Many years ago, when I was entering the enterprise software development world, my company had been awarded to maintain some e-government product and I was one of the first programmers to look after it. I spent hours making this product buildable in our development environment and, literally, I was pulling my hair out to make integration tests passing. I failed. It turned out that tests were dependent on the external test database that no one was maintaining for months. Last release of this product was launched in production around the same amount of time ago. I can see 2 possible reasons for this: this product was really great, bug free or there were simply no end users using it. As the customer wanted to extend the functions of the existing application, and the development team that created it fell apart, the application had to be transferred to a new development environment. The question arose: whether to restore the database for the purpose of passing programming tests, or simply to silence them. One of my managers said: “that’s the pain of maintaining integration tests depending on the external database”. To be honest, I haven’t thought about writing integration tests these years. I was disappointed at the waste of time I spent fighting an opponent I couldn’t beat.
One of the possible solutions to this problem is to use some alternative embeddable database management system that does not require maintenance, run in-memory. It’s not a bad substitute and many database systems of this kind have been used in many projects I have dealt with. Such database systems are probably suitable not only for testing purposes, but in terms of integration tests they have one disadvantage I encountered: they never reflected the database system used in the production environment as there were always some differences. They personify other database engines using different compatibility modes, but additional work was always needed to transform the solution into the production system as every database engine behaves a little bit differently.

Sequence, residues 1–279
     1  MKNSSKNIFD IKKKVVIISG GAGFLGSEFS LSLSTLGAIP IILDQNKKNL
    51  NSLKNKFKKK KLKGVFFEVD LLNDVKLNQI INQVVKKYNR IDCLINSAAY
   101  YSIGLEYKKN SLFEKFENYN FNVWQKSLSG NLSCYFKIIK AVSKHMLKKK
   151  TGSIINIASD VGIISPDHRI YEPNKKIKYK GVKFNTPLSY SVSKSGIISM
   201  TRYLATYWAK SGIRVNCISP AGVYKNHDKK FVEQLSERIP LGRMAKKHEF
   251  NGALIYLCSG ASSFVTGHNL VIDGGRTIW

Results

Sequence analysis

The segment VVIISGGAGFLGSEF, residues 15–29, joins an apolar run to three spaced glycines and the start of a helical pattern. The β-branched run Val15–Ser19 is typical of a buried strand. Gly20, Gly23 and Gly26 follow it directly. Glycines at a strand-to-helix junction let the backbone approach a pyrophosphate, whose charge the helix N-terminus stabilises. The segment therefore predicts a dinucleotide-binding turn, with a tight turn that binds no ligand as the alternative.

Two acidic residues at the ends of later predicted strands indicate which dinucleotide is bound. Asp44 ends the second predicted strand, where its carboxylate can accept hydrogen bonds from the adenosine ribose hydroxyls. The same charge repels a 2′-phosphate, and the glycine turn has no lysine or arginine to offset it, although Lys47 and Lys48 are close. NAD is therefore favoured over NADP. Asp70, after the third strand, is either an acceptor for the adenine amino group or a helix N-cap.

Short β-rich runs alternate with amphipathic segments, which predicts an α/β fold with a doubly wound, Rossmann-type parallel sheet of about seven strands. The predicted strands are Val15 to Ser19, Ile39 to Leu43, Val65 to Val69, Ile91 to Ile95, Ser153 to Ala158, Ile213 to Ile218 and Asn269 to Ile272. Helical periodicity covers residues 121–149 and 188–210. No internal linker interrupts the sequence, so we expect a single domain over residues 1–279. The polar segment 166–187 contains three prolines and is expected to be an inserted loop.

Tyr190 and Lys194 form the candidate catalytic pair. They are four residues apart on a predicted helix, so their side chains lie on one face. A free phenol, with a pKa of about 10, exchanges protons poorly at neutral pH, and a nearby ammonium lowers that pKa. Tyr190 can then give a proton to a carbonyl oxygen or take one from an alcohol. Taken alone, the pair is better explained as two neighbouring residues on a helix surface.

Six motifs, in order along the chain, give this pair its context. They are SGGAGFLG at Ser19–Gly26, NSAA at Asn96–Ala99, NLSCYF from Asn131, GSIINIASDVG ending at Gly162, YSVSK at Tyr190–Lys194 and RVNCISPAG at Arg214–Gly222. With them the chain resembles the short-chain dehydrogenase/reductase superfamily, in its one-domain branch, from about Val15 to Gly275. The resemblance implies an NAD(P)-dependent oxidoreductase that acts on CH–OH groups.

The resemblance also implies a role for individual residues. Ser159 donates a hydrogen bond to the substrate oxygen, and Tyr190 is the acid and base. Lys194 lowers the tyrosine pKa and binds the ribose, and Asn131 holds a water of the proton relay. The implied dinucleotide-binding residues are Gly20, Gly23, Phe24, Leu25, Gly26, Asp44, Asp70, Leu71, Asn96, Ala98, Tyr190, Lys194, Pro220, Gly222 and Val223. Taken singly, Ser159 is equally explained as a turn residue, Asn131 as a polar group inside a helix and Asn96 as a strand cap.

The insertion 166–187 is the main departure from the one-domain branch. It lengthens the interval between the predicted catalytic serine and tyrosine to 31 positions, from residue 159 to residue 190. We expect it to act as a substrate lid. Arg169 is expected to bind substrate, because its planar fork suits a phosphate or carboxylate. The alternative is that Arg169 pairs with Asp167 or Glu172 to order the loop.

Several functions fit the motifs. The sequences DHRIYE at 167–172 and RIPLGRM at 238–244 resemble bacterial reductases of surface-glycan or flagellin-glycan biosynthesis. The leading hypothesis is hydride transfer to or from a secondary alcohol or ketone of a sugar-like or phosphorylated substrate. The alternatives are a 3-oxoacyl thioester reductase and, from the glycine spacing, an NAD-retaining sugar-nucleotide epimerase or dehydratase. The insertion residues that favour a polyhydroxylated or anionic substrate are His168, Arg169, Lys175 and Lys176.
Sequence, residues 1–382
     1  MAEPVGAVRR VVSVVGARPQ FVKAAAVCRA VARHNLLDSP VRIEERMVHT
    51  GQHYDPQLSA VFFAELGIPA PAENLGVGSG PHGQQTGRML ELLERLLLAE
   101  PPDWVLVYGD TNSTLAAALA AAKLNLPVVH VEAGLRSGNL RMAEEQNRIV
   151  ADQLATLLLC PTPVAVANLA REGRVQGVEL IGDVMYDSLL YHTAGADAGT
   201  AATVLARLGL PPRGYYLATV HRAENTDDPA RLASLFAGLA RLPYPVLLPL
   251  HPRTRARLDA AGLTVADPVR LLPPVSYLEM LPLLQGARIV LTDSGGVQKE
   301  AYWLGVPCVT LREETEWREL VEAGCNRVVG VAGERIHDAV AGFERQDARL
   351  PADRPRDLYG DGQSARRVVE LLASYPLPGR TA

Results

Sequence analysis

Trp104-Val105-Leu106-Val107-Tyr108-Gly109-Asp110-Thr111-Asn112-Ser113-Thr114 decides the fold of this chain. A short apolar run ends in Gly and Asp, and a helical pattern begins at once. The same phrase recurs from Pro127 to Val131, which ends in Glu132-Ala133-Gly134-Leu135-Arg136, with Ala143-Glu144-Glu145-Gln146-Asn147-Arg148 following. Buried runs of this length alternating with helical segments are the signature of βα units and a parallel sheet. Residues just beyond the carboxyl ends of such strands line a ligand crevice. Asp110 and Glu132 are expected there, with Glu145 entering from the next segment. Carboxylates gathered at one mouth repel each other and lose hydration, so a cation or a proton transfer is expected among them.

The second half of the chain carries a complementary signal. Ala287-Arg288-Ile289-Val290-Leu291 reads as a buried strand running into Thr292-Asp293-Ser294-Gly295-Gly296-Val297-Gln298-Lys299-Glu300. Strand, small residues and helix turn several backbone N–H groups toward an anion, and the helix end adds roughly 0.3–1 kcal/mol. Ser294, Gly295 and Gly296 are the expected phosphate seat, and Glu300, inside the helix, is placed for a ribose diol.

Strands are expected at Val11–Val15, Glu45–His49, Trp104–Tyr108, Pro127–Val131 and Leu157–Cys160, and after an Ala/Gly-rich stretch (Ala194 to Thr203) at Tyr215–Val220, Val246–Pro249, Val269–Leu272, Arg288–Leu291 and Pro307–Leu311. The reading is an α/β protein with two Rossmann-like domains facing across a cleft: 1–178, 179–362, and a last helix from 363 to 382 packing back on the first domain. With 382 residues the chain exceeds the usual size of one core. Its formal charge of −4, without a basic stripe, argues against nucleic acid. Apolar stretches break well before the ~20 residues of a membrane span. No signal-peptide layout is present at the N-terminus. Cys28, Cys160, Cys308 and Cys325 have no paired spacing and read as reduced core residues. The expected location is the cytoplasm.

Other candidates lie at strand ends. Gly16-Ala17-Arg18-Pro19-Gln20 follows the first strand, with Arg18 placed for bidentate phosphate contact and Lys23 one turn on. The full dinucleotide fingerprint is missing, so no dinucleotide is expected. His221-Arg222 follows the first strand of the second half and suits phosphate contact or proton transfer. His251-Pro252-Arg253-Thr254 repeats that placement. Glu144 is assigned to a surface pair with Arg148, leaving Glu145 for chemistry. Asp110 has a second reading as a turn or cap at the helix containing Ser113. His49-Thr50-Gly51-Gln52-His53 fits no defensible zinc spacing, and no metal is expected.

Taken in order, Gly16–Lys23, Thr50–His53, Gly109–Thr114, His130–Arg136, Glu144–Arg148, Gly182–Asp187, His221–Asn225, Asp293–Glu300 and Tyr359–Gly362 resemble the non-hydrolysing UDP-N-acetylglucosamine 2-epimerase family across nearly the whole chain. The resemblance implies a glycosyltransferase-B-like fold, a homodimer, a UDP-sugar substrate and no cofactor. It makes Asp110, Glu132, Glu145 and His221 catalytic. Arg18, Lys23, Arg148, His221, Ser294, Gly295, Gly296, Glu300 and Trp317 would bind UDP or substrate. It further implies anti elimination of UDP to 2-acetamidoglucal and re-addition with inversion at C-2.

The ideal solution would be the ability to run a piece of software on each environment, only for testing purposes, in isolation, with no side effects, without maintenance need, without updates, and so on. Now, in the software containerization era, applications, binaries and all its dependencies can be packaged up and run independently on any infrastructure. Is this not what we are looking for?
Testcontainers are the answer to these problems. Following testcontainers.org: “Testcontainers […] support […] tests, providing lightweight, throwaway instances of common databases, Selenium web browsers, or anything else that can run in a Docker container.” Initially Testcontainers have been created by Richard North as a Java library to support JUnit tests but now there are many other incarnations written for scala, node, python, dotnet and more (visit https://github.com/testcontainers to find out more). Looking for a possibility to create data access layer integration tests ? Use a containerized instance of a MySQL, PostgreSQL or elasticsearch or choose a module corresponding to your needs from the 30+ currently existing (https://github.com/testcontainers/testcontainers-java/tree/master/modules) without the need for complex configuration on developer computers. If you develop services using Spring Boot then you could probably need some set of Spring Boot auto-configurations, but the testcontainers library doesn’t support Spring Boot out of the box. Thanks to the kindness of Playtika guys, we even have access to the extended set of modules https://github.com/Playtika/testcontainers-spring-boot written for Spring Boot developers. Over 20 ready-to-use modules built on top of the testcontainers library.
If your favourite language or database is not there – initiate your own fork and start changing the world for the better 😉 Happy coding 🙂